Executive Order 13496 Requires Federal Contractors and Subcontractors to Notify Employees of Their Rights Under the National Labor Relations Act
On May 20, 2010, the U.S. Department of Labor’s Office of Labor-Management Standards published its final rules implementing Executive Order 13496. See 29 CFR Part 471 (Notification of Employee Rights Under Federal Labor Laws)http://edocket.access.gpo.gov/2009/pdf/E9-2485.pdf. As a result, beginning on June 19, 2010, federal contractors and subcontractors that enter into new federal contracts, subcontracts, or modifications to existing contracts on or after that date will be required to post a detailed government notice (“Notice”) informing employees of their rights under the National Labor Relations Act (“NLRA” or “the Act”). These rights include not only the right to obtain union representation and to engage in collective bargaining but also, for example, the right to share wage and benefit information with co-workers and others. As the regulations make clear, Executive Order 13496 and the Notice are intended to promote collective bargaining, and along with it, union organizing activity. The regulations also provide direction on how and where the Notice is to be posted and communicated to employees, and explain how the Department of Labor (“DOL”) will enforce the posting requirements.
On June 3, 2010, the Clean Energy Act (the “CEA”) received Royal Assent in the BC Legislature. The Province of British Columbia now has a dedicated piece of renewable energy legislation, rather than a set of well intentioned plans and policies.
The CEA is a progressive law and the product of the government’s long standing commitment to clean energy and reducing greenhouse gases. In essence, the CEA puts into law, key objectives of the government’s two Energy Plans (from 2002 and 2007) and its 2008 Climate Action Plan. The CEA lays the foundation for the renewable energy industry to be the economic driver in the Province for years to come.
The CEA also came to be, in part through the efforts of the Green Energy Advisory Task Force, of which I was privileged to be a member. The comprehensive Task Force report can be found here. It’s a must read for any one interested in British Columbia energy policy.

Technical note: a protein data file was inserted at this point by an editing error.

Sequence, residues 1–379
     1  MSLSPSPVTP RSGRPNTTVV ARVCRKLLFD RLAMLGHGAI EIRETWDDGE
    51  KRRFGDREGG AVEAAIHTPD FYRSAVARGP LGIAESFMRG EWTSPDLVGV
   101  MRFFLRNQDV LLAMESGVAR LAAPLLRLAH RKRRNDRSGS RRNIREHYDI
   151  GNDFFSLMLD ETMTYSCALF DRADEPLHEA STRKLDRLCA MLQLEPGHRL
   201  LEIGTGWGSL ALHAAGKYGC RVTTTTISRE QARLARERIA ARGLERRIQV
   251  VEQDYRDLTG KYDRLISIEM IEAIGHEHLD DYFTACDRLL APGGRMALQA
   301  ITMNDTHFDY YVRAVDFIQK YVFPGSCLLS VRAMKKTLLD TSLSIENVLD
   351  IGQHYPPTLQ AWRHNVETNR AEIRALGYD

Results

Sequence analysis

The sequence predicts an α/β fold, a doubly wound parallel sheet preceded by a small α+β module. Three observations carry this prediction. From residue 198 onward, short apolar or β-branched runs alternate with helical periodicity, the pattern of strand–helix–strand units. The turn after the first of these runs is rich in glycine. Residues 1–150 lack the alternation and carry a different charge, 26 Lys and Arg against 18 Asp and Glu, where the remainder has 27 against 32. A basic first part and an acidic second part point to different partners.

The Patient Protection and Affordable Care Act1 and Health Care and Education Reconciliation Act2 (together, the “Act”) added the requirement that group health plans that cover dependents now cover them through the age of 26. In the first joint guidance issued from all three of the responsible government agencies, Interim Final Rules (the “Regulations”)3 have clarified and applied the requirement. However, employers may be surprised by some of the details added by the Regulations.
Employers bewildered by ambiguous whistleblower complaints have a newfound ability to win dismissal where the facts pleaded do not show protected activity and articulate an entitlement to relief. The decision by the Administrative Review Board (ARB) in Evans v. United States Environmental Protection Agency (ARB Apr. 30, 2010) (pdf) adopts and applies the U.S. Supreme Court’s ruling in Ashcroft v. Iqbal (pdf), which holds that a complaint is subject to dismissal if it fails to plead sufficient facts to state a claim.
A 2-member majority of the ARB upheld dismissal of a complaint about “compliance issues”, because it did not articulate factual allegations showing that the underlying action was within the reach of federal whistleblower statutes. Having failed to ground his complaint in the environmental laws he invoked, the whistleblower was not able to survive dismissal of his retaliation claims.
Proposed Regulations Expand the D.C. Family and Medical Leave Act to Include Employees Outside the District of Columbia
On May 7, 2010, the D.C. Office of Human Rights (“OHR”) issued its notice of intent to amend the current regulations for the D.C. Family and Medical Leave Act (“DCFMLA”). In large part, the proposed regulations comport with the federal regulations for the FMLA. However, the proposed regulations contain several additional and more burdensome requirements for D.C. employers, including expanding the DCFMLA’s coverage to include employees outside the District. Thus, if these regulations are enacted, D.C. employers will need to revise their current family and medical leave practices and procedures to ensure compliance with the law.